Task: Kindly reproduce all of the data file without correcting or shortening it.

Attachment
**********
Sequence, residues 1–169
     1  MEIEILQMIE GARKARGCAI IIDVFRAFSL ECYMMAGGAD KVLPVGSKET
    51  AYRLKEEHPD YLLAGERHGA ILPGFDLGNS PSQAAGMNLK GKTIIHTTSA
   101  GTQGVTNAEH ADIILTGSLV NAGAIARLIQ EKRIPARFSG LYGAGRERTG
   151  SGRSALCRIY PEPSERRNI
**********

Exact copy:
Sequence, residues 1–169
     1  MEIEILQMIE GARKARGCAI IIDVFRAFSL ECYMMAGGAD KVLPVGSKET
    51  AYRLKEEHPD YLLAGERHGA ILPGFDLGNS PSQAAGMNLK GKTIIHTTSA
   101  GTQGVTNAEH ADIILTGSLV NAGAIARLIQ EKRIPARFSG LYGAGRERTG
   151  SGRSALCRIY PEPSERRNI